How much deeper is this observation than anything we in the West could say based on our own experience. And why is it deeper? —Because it is based on suffering, and that is the reality of the human condition and the beginning of true spiritual life. Christ came to a life of suffering and the Cross, and the experience in Russia enables those who undergo it to see this profoundly. That is why the Christian revival in Russia is so deep.
And what of us in the West, and particularly in America? Do we have any image that explains our situation as well as Gulag does that of Russia? I am afraid there is an image, most unflattering to us, which is almost our equivalent of Gulag. It is «Disneyland»—an image which exemplifies our carefree love of «fun» (a most un-Christian word!), our lack of seriousness, our living in a literal fool’s paradise, unaware or barely aware of the real meaning and seriousness of life.
Anyone who has met or read the writings of people who come from the USSR and other Communist countries, cannot but notice how serious—sometimes to the point of grimness—these people are. I am not saying that we should be grim like that—that would be fakery on our part—but only that we should realize that our experience in freedom and prosperity has to a great extent crippled us spiritually, and that therefore we must expose ourselves to and take deeply to heart the message of men like Solzhenitsyn. We must study the Gulag and make it, to the extent we can, a part of our own experience.
Don’t Live by Lies!
Another part of Solzhenitsyn’s message to us is contained in the title of one of his essays written in the Soviet Union: «Don’t Live by Lies!» This is his answer to the Gulag and to the dead-end of Soviet society in general: a new revolution will not save Russia—only a spiritual change now in each person can hope to do this. The single most difficult thing to bear in the Soviet State, as many have testified, is the lie of it all—not just the daily propaganda or the constant falsification of history, but the daily dishonesty and lack of sincerity produced by fear of the all-powerful State and by cooperation (willing or unwilling) with the lie (the working for a socialist «paradise») that is the basis of the whole Soviet system.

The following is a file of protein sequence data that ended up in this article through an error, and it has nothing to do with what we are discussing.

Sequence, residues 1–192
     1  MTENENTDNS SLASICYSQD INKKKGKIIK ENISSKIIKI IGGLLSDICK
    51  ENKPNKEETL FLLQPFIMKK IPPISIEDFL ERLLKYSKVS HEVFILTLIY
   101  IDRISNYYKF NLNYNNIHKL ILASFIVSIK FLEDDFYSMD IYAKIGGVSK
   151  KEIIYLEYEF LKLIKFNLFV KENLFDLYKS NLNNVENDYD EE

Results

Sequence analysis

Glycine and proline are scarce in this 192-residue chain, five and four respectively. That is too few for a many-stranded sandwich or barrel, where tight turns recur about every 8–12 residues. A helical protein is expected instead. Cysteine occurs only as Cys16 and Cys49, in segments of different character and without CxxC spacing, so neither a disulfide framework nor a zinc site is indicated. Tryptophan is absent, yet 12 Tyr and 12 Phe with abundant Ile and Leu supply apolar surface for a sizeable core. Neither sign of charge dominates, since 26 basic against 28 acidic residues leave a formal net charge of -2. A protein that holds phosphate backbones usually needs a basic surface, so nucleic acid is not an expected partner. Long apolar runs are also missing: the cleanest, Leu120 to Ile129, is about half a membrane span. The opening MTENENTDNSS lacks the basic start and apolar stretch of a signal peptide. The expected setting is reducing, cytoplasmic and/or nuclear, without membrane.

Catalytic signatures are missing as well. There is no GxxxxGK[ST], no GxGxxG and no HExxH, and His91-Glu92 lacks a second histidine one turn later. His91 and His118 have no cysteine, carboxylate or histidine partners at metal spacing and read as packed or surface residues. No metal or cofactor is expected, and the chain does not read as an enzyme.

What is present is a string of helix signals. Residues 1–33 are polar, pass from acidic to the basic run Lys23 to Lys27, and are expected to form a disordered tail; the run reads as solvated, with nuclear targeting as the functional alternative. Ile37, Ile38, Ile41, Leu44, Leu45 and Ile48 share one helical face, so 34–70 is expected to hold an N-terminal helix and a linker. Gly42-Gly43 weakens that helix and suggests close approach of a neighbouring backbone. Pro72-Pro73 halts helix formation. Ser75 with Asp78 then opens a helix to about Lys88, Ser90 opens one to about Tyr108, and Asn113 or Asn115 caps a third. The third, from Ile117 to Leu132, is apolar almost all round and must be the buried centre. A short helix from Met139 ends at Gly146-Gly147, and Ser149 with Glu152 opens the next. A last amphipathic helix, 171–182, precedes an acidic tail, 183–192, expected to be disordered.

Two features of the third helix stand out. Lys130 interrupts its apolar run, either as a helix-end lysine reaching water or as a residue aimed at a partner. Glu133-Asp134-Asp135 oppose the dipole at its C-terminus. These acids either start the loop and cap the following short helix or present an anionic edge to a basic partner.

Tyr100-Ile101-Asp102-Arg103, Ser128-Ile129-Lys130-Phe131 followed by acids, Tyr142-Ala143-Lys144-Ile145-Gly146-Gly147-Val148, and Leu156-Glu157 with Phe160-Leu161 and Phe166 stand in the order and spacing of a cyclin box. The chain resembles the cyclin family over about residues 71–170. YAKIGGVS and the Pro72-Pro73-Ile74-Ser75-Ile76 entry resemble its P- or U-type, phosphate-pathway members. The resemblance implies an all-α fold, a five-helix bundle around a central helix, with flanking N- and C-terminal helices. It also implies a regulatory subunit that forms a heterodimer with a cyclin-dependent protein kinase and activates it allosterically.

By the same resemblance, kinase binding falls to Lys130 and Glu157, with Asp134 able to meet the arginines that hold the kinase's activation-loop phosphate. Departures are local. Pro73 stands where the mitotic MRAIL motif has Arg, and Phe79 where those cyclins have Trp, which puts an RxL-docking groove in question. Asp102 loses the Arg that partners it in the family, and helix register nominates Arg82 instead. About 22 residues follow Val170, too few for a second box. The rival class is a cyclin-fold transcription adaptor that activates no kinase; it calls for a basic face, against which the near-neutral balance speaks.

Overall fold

In the West we also have some experience of this phenomenon of the daily lie, when our relationships with others are governed more by our need to get ahead or put something over on someone. This is a product of the growing cold of Christianity. For us also a big part of our Christian life is the restoration of truthfulness in daily life. But probably we do not love the truth as much as people do in Russia—because w have not experienced the enormity of the lie which is the Soviet system.
Back to the Earth
Still another part of Solzhenitsyn’s message is often interpreted by his critics as «romanticism,» and it is probably the least understood of all that he has to say. He wishes to restore a human element to modern life, which has produced inhuman cities in the name of «progress.» In his Letter to the Soviet Leaders he speaks eloquently against the «poisoned zone of asphalt and gasoline» in Russian cities, the imitation Western skyscrapers, the «contaminated belts of wasteland around our industrial centers,» and urges a return to a «non-progressive economy,» to old-fashioned «towns made for people, horses, dogs,» and a return to the «supreme asset of all peoples»—the earth.
Of course, all this is not romanticism at all, but common sense which becomes more evident with each day, as the exhaustion of the world’s resources and the contamination of the environment with industrial wastes becomes ever more disastrous. Many sensitive people in the West, including small communities of Orthodox Christians, have already seen the necessity for a slower-paced, more human life outside the big cities with their artificial atmosphere which is a hindrance to Christian warmheartedness and truthfulness. The situation of our own American farmers—who also feed many people abroad—with the declining number of farmers and the fact that farms are becoming less and less humanly attractive, could well give us cause to worry that we also are not using wisely the resources of our own American earth.